Robert VerBruggen and Carol Iannone make excellent points. VerBruggen observes that the racial essentialism embraced by Jeremiah Wright’s gallery of academic quacks is at odds with the “race as social construct” conceit that dominates the politicized university. Hey, I never said that academia was consistent when it comes to the revered trinity of race, class, and gender.
Even as admissions officers calibrate the SAT scores of fanatically achieving Asian and white applicants to a degree of difference that only an electron microscope could pick up, the admissions bureaucracy announces that SATs are worthless — when it comes to evaluating blacks and Hispanics. Even as rape bureaucrats accuse male students of committing sexual assault on a scale that would render Rwanda a picnic, the sex bureaucrats are handing out advice on sex toys and S&M. Even as academics rail against alleged inequites of the free market, college tuitions surge higher at rates many times that of inflation, deans and professors graciously accept their six-figure salaries, and the college fund-raising machine furiously seeks donations from alumni on the ground that multi-million-dollar (or even billion-dollar) endowments leave the college penurious.
So, yes, in general, the evidence for racial genetic differences is wholly taboo on campuses, even in scientific laboratories — where any research into the matter must be done very quietly, if at all. But that doesn’t mean that if a black education professor comes up with a bogus neurological theory to justify black academic problems, she won’t be given a pass. As Carol Iannone points out, condescension toward black extremism is the rule of the day among white campus liberals.
That same condescension is at work in the press coverage of Wright’s diatribes. While the media couldn’t dodge Wright’s 9/11 and AIDS fulminations, they have remained mum about his education apologetics and other loony ideas about genetically based black and white differences — including preferences regarding syncopation. The New York Times’s carefully buried blurb on Wright’s Detroit speech this Monday, before the pile of manure finally combusted, merely noted tactfully that Mr. Wright had argued that “black people speak differently, learn differently and like different types of music than whites do … but similar differences exist within races as well.”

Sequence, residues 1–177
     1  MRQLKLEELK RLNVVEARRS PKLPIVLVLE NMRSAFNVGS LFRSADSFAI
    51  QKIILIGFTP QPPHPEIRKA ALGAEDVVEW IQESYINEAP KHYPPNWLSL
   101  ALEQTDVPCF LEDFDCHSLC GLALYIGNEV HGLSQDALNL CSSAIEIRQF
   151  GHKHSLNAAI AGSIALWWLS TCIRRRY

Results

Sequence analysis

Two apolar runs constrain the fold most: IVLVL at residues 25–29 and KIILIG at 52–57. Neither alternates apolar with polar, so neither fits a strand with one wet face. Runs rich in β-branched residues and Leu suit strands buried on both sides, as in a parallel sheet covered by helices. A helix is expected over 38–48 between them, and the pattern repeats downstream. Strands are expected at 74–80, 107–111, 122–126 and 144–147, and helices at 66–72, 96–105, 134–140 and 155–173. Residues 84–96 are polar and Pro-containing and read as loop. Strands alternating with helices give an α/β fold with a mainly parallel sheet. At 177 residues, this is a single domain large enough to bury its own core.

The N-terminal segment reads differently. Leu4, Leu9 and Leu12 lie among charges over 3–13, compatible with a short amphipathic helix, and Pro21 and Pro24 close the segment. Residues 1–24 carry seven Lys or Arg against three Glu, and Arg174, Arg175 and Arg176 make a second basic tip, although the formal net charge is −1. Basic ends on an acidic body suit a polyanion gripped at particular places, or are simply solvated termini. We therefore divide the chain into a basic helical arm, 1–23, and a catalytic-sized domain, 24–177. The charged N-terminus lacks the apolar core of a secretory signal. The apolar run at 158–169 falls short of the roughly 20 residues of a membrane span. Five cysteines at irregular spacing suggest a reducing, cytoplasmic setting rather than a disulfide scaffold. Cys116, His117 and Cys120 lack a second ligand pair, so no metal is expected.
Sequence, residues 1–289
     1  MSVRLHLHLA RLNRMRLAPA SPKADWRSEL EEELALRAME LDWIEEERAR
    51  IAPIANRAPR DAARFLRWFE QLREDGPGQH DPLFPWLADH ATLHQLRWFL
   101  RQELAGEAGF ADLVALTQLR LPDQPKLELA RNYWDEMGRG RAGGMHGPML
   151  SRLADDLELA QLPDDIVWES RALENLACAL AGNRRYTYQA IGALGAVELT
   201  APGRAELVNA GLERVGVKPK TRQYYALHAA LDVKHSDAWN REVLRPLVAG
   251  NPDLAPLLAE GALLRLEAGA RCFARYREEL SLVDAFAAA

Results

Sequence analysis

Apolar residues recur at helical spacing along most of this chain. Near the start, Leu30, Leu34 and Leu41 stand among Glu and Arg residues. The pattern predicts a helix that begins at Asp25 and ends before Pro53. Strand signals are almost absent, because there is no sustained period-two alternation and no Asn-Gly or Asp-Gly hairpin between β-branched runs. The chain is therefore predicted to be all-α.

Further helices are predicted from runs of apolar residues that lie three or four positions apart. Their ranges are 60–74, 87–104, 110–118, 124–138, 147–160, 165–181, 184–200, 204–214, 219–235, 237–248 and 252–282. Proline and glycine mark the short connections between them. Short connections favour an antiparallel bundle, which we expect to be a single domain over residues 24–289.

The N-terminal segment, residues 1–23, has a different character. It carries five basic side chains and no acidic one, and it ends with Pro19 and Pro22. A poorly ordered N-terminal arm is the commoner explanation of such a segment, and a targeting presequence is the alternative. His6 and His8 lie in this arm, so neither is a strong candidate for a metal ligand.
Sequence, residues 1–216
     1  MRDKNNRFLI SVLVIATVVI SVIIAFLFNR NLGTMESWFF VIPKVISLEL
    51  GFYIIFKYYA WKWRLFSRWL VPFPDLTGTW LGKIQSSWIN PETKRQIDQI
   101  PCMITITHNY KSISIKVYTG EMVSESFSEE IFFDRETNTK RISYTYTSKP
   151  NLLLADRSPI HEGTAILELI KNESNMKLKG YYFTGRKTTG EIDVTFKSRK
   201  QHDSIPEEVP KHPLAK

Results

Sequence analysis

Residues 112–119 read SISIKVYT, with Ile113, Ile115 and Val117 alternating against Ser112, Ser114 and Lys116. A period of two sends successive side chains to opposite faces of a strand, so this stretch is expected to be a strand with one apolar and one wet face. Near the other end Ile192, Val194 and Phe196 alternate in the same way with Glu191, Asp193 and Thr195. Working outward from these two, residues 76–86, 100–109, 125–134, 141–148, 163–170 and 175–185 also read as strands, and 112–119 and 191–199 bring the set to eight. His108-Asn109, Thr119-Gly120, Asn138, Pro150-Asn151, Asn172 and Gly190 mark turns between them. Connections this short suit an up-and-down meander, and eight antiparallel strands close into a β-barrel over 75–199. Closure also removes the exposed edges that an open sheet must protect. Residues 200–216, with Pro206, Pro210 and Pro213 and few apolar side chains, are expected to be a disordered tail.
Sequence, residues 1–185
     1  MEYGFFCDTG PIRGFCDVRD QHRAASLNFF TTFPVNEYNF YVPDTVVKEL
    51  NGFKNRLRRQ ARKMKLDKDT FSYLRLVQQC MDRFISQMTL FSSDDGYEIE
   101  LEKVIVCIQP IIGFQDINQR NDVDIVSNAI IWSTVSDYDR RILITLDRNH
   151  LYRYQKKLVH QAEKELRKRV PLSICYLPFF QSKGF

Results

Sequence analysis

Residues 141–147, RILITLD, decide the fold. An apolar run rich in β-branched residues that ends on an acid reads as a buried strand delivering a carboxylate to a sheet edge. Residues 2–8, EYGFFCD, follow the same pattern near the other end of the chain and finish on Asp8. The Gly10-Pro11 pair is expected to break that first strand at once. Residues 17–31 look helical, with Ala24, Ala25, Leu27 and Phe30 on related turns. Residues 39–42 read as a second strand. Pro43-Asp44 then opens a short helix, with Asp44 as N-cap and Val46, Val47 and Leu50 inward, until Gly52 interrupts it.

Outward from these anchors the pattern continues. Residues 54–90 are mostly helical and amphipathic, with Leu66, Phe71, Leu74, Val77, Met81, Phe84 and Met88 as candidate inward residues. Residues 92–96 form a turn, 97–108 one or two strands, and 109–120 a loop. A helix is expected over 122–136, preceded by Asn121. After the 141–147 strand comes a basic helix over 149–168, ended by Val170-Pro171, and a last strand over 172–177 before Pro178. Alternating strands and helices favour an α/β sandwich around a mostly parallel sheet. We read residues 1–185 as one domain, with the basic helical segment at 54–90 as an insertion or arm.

Wright may have phrased Afrocentric education theories with bracing directness, but they are on a continuum with the pedagogical practices that education schools promote today. These include the idea that teachers should not transmit knowledge to their students; that students should not be expected to sit quietly in class and listen; that students should not learn mathematics through abstract concepts, but rather through “concrete” objects; and that education must be driven above all by multicultural sensitivities. Many of these ideas were developed to further rationalize the test-score gap.
My guess is, the education content of Wright’s speeches will continue to be off limits, as the press allows Obama’s patent lies about his knowledge of Wright’s standard ravings to go unchallenged. It’s more than a shame. Any enterprising reporter would seize on this opening to ask Obama about his own educational philosophy. Here’s a question just for starters: In light of your former pastor’s views on the essential intellectual differences between blacks and whites, do you therefore conclude that affirmative action remains necessary in tax-payer-funded education? Or, consistent with your claim to be a “post-racial” uniter, do you support Ward Connerly’s initiatives to end racial preferences in education?